Country Cook News – April 5, 2013

Hi Everyone!

RECIPE OF THE WEEK

Straight from the kitchen of Bobbi Powell, Kent, Washington, is this delicious and easy-to-make White Bean Chicken Chili. Bobbi shared this recipe with me when we moved to southern New Mexico where green chilies grow in abundance, and at the same time, add more unique “flavor” to the region.  During late August and most of September you can buy green chilies by the gunny sack full in the grocery stores and at vegetable stands where the staff will roast them for you in nearby, designated areas. I miss fresh roasted green chilies the most when I set-out to make this chili. But not to worry, canned or frozen chilies work great until you can personally experience fresh roasted chilies in The Land of Enchantment. For added flavor, I sometimes add 1 can of diced tomatoes to this recipe (as pictured).

This recipe and a story titled, Southwest Meets Northwest, about our unique transition from Seattle to the southern New Mexico lifestyle, is also in my cookbook, Pork Chops & Applesauce.

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BLOG OF THE WEEK

The Foodie Army Wife has lots of goodness to offer. The photos of Alaska are spectacular especially recent shots of Aurora Borealis. I want to say, too, that this lady knows how to cook. Not too long ago, I made her recipe for Drunk Moose Meatballs and they were delicious. Of course, I didn’t have any moose meat on hand (for gosh sakes, we live in Houston) so I used a very lean, organic ground beef. The recipe explains how to bake the meatballs rather than fry them, which is a healthy plus to me. I believe the recipe was meant to be made as an appetizer but we had it for a meal and they were delicious. Next I’m going to try-out the Mongolian Beef & Broccoli, which is one of my favorites and it looks delish! There are an abundance of offerings on The Foodie Army Wife’s site, literally from soup to nuts and everything in-between along with Cooking 101-Homemade Pantry-Basics that’s a unique and useful category. Take a tour of the site, it’s a food and photography journey you’re sure to enjoy.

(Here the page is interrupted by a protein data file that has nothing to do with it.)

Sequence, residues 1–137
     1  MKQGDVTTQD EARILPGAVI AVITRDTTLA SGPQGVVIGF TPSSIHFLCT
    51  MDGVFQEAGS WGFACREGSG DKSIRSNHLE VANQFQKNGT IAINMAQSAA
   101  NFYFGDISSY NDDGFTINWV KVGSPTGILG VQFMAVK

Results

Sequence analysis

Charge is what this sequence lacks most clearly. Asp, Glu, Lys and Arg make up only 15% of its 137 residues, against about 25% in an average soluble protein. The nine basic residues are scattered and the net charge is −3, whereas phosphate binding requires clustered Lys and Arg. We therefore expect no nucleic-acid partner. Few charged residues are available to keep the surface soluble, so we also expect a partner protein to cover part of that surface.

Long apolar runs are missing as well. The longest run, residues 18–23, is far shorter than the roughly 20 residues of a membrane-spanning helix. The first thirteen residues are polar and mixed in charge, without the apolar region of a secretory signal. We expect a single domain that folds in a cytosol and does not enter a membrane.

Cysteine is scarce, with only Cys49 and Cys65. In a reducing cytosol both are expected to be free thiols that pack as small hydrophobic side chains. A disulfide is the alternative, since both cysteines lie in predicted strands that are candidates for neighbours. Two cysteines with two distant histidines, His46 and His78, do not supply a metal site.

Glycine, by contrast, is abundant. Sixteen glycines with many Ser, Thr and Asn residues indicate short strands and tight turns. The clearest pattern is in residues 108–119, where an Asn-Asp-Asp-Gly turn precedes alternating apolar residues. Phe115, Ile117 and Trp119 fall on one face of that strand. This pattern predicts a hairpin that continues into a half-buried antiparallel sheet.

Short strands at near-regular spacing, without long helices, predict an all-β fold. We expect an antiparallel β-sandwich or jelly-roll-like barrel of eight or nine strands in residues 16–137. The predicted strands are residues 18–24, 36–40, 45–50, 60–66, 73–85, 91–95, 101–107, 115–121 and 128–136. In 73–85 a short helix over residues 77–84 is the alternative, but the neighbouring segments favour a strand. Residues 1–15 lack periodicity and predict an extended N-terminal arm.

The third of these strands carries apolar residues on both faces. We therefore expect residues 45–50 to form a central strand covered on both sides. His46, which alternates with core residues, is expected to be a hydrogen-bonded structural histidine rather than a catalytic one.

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GETTING TO KNOW SHOOTS AND STALKS
From one of my favorite sources of information, America’s Test Kitchen, comes Getting to Know Shoots and Stalks where they explain the difference between green and white asparagus, celery and rhubarb, fennel and hearts of palm, and more. This is an interesting and timely article for soon-to-come-available spring vegetables.

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SURPRISING MEMORY SAVER

“People with high levels of good (HDL) cholesterol are 53% less likely to experience memory loss as they get older, French research reveals. To elevate your HDL levels, replace saturated and trans fats with healthy olive or peanut oil.” Woman’s World Magazine, April 8, 2013, Number 14, page15. It’s also thought that cooking with virgin olive oil will help prevent and treat stomach ulcers.

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CB’s KITCHEN TIP

WHIPPING CREAM: Thoroughly chill the whipping cream, bowls and beaters for higher and fluffier whipped cream. An added tip is to sweeten whipped cream with powdered sugar instead of granulated sugar to slow the separation process and to keep whipped cream fluffier for longer.

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FUN STUFF

18 Microwave Snacks You Can Cook in a Mug from BuzzFeed Food

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ASK CYNTHIA A QUESTION – April 5, 2013
Danielle asked: Mango Lassies are an East Indian delight and a must when dining at Indian food restaurants. Do you have a Mango Lassie recipe to share?

My answer: A mango lassie (or mango milkshake) is a sweet, cold mango drink that is often enjoyed when dining on East Indian food. It’s an especially pleasing way to fend off negative effects of spicy foods or upset stomach. Here are a few sites that offer their rendition of a mango lassie: Pham Fatale is my best choice, with Jamie Olver from the Food Network and What’s Cooking America as slight variations. The recipe you like most will much depend on your personal taste for sweetness vs. tartness. Good luck and let me know which recipe you find to be the best tasting, although it’s hard to go wrong when it comes to mangoes. For added sweetness and texture, dip the glass rim in coarsely ground sugar…yum! Thank you, Danielle, for your question.

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Till next time…
CB

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